All in all, it was an enjoyable visit.  We certainly had the smell.  Later, we were sitting around the house and realized that we were all still smelling the same thing.  It was then that we realized what I mentioned before, the smell was still stuck to us.  Everyone off to the shower.

Another reason for going was that we are both suckers for kitty-cats, and the chance to actually interact with a couple of young ones was hard to resist.  There is actually only a short period of time in their life that they are allowed to let people interact with them, and we were lucky enough to be there with these cubs.

 Clearly, wildlife prefers Canon photographic equipment.  This one was more interested in my cameras than in me.  I thought it was going to try to take my picture a couple of times.

But the time came that we had to say good-bye to the kittens.  I wish they could grow up and be released, but since they are hunted to almost extinction in the wild, they would not have much of a chance there.

Here’s hoping that the watchdog groups will keep enough pressure on these places that the cats will remain healthy and live out a good life.

Be Prepared!

As the Boy Scouts are fond of saying, “Be prepared!”

When I got home today I was going through my usual routine.  Come in the house, give Zorro his kitty treats, and then check the back yard for birds.  When I checked the back yard, I was shocked at what I saw.  Instead of a yard full of birds under the feeders, or the stray kitty that has been hanging around lately, I found this!

Not only was the first time I have seen a Cooper’s Hawk around here, it looks like it was feeding on one of my birds to boot!

First, I’m in shock, but then I think, at least get the binoculars and get a closer look.  So I run to the bedroom, get the binoculars, and then run back to the kitchen door.  Still there!  Great.  Now I’m thinking, “what are you doing?  Where’s the camera??”

So, back to the bedroom, no time to pull out the 600 and tripod, but my 5d has the 100-400 still attached from my previous outing so I grab it and head to the back door.  I’m in luck, it’s still there, munching away.

As I look closer through the camera, I believe that the bird it is eating is the red-winged blackbird that has been hanging around lately, acting like it was hurt or sick.  Wouldn’t fly off unless you walked right up to it.  Well, I guess it doesn’t have to worry about that anymore!

 Ah yes, the circle of life right in my back yard!  It doesn’t get much better than this!  Unless of course, you’re the blackbird.  🙂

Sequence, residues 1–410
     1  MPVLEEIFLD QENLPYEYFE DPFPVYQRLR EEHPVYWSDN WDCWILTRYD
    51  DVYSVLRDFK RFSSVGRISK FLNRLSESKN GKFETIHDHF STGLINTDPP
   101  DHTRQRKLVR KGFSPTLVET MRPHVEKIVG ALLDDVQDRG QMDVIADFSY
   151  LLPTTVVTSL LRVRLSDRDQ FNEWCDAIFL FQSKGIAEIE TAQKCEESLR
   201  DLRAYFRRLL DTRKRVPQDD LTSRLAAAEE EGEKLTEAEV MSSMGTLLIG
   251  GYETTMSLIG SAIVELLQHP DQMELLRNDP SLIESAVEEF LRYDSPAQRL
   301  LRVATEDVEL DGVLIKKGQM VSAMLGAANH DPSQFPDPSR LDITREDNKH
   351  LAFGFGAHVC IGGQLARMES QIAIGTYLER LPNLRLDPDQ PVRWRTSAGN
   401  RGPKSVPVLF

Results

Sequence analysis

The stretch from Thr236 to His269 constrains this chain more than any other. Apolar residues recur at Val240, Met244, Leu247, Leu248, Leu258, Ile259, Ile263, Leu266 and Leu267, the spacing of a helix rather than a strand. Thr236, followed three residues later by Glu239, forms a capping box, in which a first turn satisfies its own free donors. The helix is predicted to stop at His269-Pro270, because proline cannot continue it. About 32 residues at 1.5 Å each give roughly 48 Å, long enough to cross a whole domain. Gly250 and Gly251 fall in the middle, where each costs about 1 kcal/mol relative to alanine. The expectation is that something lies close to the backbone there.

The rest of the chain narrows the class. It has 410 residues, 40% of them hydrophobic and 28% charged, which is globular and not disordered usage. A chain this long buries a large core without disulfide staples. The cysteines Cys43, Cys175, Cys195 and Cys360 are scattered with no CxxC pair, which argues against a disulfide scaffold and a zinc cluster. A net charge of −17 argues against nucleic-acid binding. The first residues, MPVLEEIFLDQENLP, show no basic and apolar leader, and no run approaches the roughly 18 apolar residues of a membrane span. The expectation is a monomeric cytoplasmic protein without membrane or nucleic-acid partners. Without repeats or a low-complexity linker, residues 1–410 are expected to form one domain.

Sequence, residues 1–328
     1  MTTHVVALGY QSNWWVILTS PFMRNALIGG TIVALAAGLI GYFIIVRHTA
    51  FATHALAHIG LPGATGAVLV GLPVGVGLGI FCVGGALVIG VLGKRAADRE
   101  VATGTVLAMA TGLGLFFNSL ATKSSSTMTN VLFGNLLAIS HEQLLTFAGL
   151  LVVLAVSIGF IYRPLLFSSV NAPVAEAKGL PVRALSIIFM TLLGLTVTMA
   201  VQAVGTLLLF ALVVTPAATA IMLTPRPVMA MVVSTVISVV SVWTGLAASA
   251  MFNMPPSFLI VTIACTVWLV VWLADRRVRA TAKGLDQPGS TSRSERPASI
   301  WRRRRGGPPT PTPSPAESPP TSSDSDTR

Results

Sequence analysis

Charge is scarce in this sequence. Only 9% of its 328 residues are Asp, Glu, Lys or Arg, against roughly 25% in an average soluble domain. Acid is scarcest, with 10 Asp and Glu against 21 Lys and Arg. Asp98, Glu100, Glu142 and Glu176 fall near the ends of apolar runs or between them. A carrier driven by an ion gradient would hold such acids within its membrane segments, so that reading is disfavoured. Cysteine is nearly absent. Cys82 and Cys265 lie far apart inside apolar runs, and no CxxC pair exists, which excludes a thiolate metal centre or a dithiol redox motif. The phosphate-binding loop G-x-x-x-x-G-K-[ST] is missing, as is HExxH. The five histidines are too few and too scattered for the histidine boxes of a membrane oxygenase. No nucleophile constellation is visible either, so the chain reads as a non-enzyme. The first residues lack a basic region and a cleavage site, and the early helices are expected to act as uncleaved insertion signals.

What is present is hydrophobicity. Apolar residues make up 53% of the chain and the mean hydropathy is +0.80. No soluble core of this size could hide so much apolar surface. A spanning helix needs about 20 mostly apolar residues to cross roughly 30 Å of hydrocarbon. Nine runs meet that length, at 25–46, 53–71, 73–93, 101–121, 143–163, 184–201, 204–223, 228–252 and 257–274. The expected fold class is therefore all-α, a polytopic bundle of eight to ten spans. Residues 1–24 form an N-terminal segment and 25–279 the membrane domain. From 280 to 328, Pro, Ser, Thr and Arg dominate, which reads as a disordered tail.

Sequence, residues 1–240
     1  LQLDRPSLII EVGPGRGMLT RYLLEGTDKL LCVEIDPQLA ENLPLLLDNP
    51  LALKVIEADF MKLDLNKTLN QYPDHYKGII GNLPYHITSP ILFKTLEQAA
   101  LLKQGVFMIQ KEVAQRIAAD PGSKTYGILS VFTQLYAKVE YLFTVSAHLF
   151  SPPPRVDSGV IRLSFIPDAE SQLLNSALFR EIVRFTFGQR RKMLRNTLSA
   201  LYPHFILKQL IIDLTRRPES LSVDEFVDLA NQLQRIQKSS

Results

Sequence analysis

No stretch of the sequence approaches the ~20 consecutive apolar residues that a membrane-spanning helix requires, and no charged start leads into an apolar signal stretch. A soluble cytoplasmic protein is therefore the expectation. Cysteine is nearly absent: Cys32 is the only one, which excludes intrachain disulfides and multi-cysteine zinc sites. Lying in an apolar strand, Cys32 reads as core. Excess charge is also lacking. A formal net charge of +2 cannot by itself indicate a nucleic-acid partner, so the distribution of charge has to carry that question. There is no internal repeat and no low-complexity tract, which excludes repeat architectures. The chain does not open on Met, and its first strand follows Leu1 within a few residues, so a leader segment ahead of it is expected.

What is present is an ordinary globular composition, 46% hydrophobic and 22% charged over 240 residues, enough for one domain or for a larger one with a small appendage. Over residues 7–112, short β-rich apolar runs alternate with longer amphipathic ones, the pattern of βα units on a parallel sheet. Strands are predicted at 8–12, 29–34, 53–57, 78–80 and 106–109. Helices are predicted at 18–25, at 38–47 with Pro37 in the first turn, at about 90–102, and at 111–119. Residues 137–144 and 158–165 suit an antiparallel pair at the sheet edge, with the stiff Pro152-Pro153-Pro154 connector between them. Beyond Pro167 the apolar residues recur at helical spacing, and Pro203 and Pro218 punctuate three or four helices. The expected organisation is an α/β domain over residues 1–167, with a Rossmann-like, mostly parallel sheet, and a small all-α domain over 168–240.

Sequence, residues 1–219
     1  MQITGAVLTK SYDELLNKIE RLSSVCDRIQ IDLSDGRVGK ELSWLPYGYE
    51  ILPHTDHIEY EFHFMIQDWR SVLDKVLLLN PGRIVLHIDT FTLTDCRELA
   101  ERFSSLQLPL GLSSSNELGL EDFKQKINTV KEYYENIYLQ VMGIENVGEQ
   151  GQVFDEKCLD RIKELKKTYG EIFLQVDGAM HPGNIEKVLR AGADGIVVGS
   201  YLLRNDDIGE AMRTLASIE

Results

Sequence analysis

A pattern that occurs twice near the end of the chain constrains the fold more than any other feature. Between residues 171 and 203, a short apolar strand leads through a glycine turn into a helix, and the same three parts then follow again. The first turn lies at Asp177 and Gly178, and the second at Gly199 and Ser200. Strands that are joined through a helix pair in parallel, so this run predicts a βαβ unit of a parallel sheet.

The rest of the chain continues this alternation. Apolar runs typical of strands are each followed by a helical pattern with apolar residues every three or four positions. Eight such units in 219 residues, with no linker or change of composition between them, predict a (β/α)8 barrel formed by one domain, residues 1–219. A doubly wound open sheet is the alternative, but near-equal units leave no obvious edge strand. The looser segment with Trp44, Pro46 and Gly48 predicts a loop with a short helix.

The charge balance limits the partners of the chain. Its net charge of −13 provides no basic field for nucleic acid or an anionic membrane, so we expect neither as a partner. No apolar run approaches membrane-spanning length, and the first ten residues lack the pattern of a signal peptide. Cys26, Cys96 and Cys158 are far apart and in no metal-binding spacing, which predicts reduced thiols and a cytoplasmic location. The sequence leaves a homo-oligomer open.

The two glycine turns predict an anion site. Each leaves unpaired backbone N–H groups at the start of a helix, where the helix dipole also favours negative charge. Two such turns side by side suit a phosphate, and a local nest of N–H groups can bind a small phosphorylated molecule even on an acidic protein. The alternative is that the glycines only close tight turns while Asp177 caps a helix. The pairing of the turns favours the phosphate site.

Photos taken with the Canon 5dMii and the Canon 100-400L IS lens

Cedar Waxwing

This weekend I was treated to a beautiful bird, the Cedar Waxwing.  This is the first time I have photographed these birds in my local area, but certainly not the first time they have been here.  The truth is that until I became more interested in wildlife photography, there were a lot of critters in my area which I just never noticed.

Saturday, Karen and I returned to LLELA once again for some hiking and photo practice.  I can’t allow myself to get out of the habit of lugging that 600 around or when the time comes, I could end up face-down in the mud on a paid vacation (ouch).  Instead, I’ll take every opportunity to go out and hike and practice.

On this day, the wildlife (birds) were pretty scarce.  We saw a few robins and cardinals that were simply too quick, and I saw some form of a woodpecker, but it was too far away for me to capture adequately so I’ll save it for another day.  But after finishing one trail and about to begin a second, I noticed a bunch of “flitty” birds doing what they do, flitting, around a couple of trees near the pavilion.  As I focused my lens on them, I realized they were cedar waxwings!  As they flitted around  here, I managed to capture a few decent frames of them.  They were really going after those berries on the trees.

Not bad, but photographically, very cluttered, and a bit too far away from the subject.  All those twiggy branches distract from the beauty that is the cedar waxwing.

After spending some time there clicking away, trying to get a better shot, we headed down the next trail.  This trail was shaded and therefore has a little less harsh light, and we were greeted with more waxwings.  What luck.  A second chance with better light.  After chasing a couple of them around the branches for a while, I finally got some shots that I was happy with.  This shot was my favorite of the day.

The darker background, along with some fill flash, helps bring out the bird more clearly in this photo.  And while I liked how it is looking at me over its shoulder, I really wanted a more front-facing shot.  That however, was not to be.  They kept their back to me, no matter which direction I came at them from.

Could this shot have been better?  Sure.  I could have done without the twigs coming out of the bird’s head and the berries could have been more in focus, but the beauty of the bird makes up for some of that.  Some days, you take what you can get.  For all the faults of this shot, it is still one of my favorites.